1. Ditch perfection, embrace realism. I love Pinterest. I can gaze at someone else’s magazine-worthy living room all day long. I love watching HGTV and don’t mind standing in the check-out line if I can browse through decorating magazines. The problem with this addiction is that comparison is the thief of joy. As I look at the paint colors and the furniture, it makes me reevaluate my own home and how out of date it looks compared to the newest trends.
In these photo shoots, there is very little evidence of real life. Where are the shoes kicked off under the coffee table or the stray toys and dog bones lying on the carpet? When I was raising kids, I drove myself crazy picking up after everyone. It made me angry and resentful to constantly remind people to put their things away, or even worse, to pick up their things myself. Finally, when I had enough, I started thinking strategically about the problem. I ditched HGTV perfection and embraced Grant Street realism.
For instance, since shoes were a major issue, I put a shoe rack by the back door and a large basket by the front door. This doesn’t look beautiful, but it keeps the mess corralled. Shoes that aren’t on feet have to go in one of these two places. I got the boys on board with the new plan quite simply. Shoes that I had to pick up would be hidden. They could have them back whenever they found them. The first time, I hid them in easy enough spots but then subsequent offenses were met with more creative hiding places and I quit hiding them in pairs. No more yelling or cajoling. (From me, at least—hahahaha!)
2. Know yourself. I don’t like to be rushed. I am not a procrastinator because I hate the pressure of finishing things under the gun. When I have company, I like to spend the last hour or so before the event reading a good book. I don’t want to be cooking or finishing a last minute decoration when people arrive. The underlying issue here is that I’m a control freak and there is nothing that makes me feel out of control faster than time pressure. Because I know this about myself, it informs the way I live. When I entertain, I only serve foods that can be prepared ahead of time and I make any decorations and favors well ahead of time. This way, my family will still like me when the party starts. Maybe this isn’t a problem for you, but I bet you can relate with whatever it is that makes you grouchy and mean. Know yourself and what makes you feel good, then find ways to make this the norm for your household.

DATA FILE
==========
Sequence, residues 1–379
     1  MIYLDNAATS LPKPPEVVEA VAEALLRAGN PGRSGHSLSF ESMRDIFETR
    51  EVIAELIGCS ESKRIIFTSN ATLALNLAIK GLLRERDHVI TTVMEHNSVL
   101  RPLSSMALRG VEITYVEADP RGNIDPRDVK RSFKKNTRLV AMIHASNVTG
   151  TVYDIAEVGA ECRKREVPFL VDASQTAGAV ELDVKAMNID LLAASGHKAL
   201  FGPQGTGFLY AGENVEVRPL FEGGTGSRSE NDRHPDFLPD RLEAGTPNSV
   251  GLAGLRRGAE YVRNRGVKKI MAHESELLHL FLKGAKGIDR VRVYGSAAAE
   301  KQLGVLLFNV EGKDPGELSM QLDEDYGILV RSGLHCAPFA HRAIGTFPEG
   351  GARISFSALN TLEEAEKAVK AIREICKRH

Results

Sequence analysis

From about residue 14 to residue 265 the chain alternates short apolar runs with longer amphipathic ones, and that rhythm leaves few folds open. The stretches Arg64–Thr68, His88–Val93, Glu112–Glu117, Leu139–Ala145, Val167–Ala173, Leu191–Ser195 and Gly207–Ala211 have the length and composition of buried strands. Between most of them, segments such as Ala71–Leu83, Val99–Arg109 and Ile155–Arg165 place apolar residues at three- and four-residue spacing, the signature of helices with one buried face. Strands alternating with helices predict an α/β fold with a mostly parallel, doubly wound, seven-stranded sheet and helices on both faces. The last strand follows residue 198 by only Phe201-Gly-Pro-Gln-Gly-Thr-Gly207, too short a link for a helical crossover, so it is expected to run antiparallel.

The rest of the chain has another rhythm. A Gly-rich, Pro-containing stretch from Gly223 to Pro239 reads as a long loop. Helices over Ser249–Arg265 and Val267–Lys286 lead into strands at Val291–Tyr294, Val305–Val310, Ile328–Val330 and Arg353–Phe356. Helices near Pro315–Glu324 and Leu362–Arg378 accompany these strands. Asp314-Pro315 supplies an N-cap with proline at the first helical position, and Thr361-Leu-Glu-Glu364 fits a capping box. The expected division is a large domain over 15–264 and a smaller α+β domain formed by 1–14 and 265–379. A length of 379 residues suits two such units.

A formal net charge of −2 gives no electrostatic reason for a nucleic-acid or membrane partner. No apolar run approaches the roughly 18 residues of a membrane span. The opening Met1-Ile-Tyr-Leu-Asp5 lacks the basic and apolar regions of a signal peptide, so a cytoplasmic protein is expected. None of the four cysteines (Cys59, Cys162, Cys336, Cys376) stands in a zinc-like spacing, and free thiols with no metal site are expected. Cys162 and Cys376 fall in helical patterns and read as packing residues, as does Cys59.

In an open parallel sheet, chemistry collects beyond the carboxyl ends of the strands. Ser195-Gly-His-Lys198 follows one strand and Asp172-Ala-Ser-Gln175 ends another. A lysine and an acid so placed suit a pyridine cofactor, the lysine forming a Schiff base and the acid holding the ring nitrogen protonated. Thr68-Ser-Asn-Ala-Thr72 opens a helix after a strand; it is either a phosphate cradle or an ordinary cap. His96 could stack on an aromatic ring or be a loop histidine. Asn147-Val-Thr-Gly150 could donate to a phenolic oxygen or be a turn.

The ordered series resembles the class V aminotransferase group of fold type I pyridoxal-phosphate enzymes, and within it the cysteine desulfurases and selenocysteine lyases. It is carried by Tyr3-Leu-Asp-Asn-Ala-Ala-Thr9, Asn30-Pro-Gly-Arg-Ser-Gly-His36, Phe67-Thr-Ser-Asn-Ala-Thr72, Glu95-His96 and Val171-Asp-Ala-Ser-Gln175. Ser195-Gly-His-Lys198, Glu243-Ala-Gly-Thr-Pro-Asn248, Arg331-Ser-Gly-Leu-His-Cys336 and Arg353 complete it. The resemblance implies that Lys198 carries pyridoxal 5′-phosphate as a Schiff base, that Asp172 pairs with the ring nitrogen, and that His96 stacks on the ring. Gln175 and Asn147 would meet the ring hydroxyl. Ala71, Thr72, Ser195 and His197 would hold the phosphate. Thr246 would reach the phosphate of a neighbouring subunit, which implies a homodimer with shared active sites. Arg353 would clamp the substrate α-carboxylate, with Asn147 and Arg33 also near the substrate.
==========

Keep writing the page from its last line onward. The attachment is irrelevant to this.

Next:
3. Check your perspective. There is nothing like volunteering for checking your perspective. When I help someone who needs it, I find that it makes me appreciate the things I take for granted. I also think this works in a similar way with our kids. Get them involved in helping out in your community. Serve at a soup kitchen. Help at a food pantry. Serving together affords your family many new opportunities to discuss the needs of others. When we direct our focus on others, it takes the emphasis off the things we don’t have and makes us aware of how blessed we really are.
We offer a summer reading program that pairs older teens and adult volunteers with kids in our community to eat lunch and read during the lunch hour. It is a great program and all of our own kids have grown up volunteering for it. In households where enough food is never a worry, sometimes we forget that lunch is not a guarantee for every kid. (P.S. We're always looking for volunteers, so let me know if you want to help out!)
4. Express genuine gratitude. Thank others and model gratitude for your kids. Everyone likes to be acknowledged and appreciated. When we say “thank you” out loud, it sets a tone for the household that positive and encouraging. Look for opportunities to point out good behavior in your kids. I get it….sometimes you really have to search for it. When we have a student at the Rec that I find myself getting after frequently, I try to watch closely for a chance to praise them and thank them for making a good choice. Does it do miracles? Not always, but I do think that it makes them more inclined to repeat that behavior.
So do you need to do a happiness overhaul? What are your secrets for back on track when you find yourself off the rails?